1998. amounting to lack of jurisdiction in holding that a motion to dismiss an election protest case in the Regional Trial Court is a prohibited pleading. the respondent judge already issued an order granting the same motion and ordering the Revision Committee to hold in abeyance the scheduled revision of ballots on December 14. petitioner insists that in refusing to pass upon the three (3) principal issues raised in COMELEC Case SPR No. In sum. at 10:50 A. 2. Khalil Laguindab and thereafter to convene and start the revision of ballots on December 14. 15. 17. 16. petitioner filed an urgent motion before the respondent court praying that further proceedings in Election Case No. In the same order. etc. or with grave abuse of discretion. 1998.] failing to resolve the issues raised in SPR No.] holding that the motion to dismiss filed after the answer is not allowed. Petitioner alleges that in dismissing the petition the COMELEC acted in excess of. 52-98 which are sufficient legal bases to dismiss Election Case No. morning and afternoon. amounting to lack of jurisdiction in – 1. 3. That before the undersigned counsel could file his opposition to said urgent motion on December 14. the petitioner filed on December 10.
. xxx 18.] holding that a motion to dismiss an election protest case filed in the Regional Trial Court is a prohibited pleading. Raqueza T. 1998. or with grave abuse of discretion. 17 and 18. until further order from the court xxx. the respondent court reiterated its previous order to the members of the Revision Committee to take their oaths before Atty. to wit: 1. 11-127. 1998. the instant petition for certiorari and prohibition with prayer for preliminary injunction and on December 11. Whether or not public respondent acted in excess of. Umbaro or Atty. copy of which was served upon the undersigned counsel only on December 12.1998 which denied the motion for reconsideration for lack of merit. As a diabolical scheme to cause further delay of the proceedings of the case more specifically the revision of ballots. 15. 11-127 be deferred until after protestee’s petition for certiorari and prohibition before this Honorable Commission shall have been finally resolved. 52-98. 1998 and in the absence of a restraining order or writ of preliminary injunction issued by (the COMELEC). 17 and 18. 1998. 16.M.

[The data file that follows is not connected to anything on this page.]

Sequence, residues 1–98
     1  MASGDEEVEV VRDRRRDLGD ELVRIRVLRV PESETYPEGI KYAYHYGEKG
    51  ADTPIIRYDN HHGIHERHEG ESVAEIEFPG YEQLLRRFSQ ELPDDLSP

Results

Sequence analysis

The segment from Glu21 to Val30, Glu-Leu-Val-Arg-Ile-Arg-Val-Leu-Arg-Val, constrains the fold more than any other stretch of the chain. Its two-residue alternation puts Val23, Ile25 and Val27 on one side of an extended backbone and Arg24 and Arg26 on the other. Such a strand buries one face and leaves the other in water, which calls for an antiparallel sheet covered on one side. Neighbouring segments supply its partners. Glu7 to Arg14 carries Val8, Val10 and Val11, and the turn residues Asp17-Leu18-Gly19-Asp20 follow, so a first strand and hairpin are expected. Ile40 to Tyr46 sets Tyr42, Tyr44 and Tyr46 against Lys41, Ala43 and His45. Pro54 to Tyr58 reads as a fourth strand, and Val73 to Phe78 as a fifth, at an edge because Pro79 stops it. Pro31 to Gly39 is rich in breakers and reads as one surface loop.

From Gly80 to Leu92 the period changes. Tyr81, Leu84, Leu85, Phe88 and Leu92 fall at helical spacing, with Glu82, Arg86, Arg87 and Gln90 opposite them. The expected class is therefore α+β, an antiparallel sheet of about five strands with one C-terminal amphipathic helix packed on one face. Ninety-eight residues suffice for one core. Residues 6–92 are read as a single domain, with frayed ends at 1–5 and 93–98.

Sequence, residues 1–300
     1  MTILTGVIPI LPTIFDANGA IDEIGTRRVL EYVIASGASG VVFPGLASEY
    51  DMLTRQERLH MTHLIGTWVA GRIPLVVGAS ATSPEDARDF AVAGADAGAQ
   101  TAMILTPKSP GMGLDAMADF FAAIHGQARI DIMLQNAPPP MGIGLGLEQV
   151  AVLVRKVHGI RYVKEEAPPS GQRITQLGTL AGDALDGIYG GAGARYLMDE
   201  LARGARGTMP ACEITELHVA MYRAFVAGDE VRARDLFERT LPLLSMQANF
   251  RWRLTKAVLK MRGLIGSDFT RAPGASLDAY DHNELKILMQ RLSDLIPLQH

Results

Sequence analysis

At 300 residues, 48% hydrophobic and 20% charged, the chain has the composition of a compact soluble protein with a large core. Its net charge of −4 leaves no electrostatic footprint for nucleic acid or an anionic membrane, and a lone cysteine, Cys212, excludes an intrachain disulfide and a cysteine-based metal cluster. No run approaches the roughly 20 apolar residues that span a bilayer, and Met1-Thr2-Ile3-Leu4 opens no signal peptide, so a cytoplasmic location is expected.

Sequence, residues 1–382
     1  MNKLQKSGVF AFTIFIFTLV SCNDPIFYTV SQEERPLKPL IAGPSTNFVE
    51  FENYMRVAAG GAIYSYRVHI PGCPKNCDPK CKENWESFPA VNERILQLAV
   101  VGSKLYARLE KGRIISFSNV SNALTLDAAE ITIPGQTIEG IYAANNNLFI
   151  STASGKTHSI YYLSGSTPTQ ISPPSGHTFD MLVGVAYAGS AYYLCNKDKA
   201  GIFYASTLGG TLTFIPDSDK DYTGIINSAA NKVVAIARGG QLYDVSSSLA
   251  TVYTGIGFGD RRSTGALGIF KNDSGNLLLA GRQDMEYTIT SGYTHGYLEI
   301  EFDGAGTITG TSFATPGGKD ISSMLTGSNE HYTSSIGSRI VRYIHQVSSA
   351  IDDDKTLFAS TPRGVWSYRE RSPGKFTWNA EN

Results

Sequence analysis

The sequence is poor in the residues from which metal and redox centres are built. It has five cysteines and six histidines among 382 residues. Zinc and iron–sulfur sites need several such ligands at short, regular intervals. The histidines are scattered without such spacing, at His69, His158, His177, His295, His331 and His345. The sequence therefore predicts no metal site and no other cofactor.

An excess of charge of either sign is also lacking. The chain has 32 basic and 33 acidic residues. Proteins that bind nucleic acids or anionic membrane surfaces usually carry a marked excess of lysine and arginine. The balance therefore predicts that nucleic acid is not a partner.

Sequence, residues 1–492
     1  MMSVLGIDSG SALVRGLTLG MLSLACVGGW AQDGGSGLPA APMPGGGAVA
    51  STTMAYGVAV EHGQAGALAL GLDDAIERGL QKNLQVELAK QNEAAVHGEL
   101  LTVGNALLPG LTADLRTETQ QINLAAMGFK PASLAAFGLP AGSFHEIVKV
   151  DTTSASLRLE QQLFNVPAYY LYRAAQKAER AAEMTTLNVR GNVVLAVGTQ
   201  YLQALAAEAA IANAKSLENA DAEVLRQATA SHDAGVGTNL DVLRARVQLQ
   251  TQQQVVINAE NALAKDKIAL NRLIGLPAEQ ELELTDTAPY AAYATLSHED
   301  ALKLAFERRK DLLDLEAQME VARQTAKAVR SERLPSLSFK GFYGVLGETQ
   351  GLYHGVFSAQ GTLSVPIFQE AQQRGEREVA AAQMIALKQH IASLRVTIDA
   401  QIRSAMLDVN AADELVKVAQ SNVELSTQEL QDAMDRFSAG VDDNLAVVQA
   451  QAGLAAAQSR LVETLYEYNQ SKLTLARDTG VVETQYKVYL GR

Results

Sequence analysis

2. because of its fact-finding facilities. plebiscite. and 3. referendum and recall. by constitutional mandate must do everything in its power to secure a fair and honest canvass of the votes cast in the elections. There are no ready made formulas
. should not be interfered with. orderly and honest elections. Section 2 (1) of Article IX of the Constitution gives the COMELEC the broad power to "enforce and administer all laws and regulations relative to the conduct of an election. initiative. Whether or not public respondent acted in excess of." There can hardly be any doubt that the text and intent of this constitutional provision is to give COMELEC all the necessary and incidental powers for it to achieve the holding of free." Such abdication of duty. its contacts with political strategists. The Commission on Elections. is in a peculiarly advantageous position to decide complex political questions xxx. In the performance of its duties. Sumulong v. and its knowledge derived from actual experience in dealing with political controversies. COMELEC aptly points out that – Politics is a practical matter. orderly. Whether or not public respondent gravely abused its discretion amounting to lack of jurisdiction. peaceful and credible elections. or with grave abuse of discretion. the Court has been liberal in defining the parameters of the COMELEC’s powers in conducting elections. The Commission on Elections. the COMELEC "abdicated its duty under its own rules of procedure and under the Constitution and the election laws. In accordance with this intent. 52-98. unless they are clearly illegal or constitute grave abuse of discretion. in holding that a motion to dismiss filed after the answer to an election protest case in the Regional Trial court is not allowed. according to petitioner. The purity of the elections is one of the most fundamental requisites of popular government. honest. It must be borne in mind that the purpose of governing statutes on the conduct of elections – …[i]s to protect the integrity of elections to suppress all evils that may violate its purity and defeat the will of the voters. amounting to lack of jurisdiction. in failing to resolve the relevant material and substantial issues raised in SPR No. the Commission must be given a considerable latitude in adopting means and methods that will insure the accomplishment of the great objective for which it was created – to promote free. The choice of means taken by the Commission on Elections. amounts to grave abuse of discretion amounting to lack of jurisdiction. and political questions must be dealt with realistically – not from the standpoint of pure theory.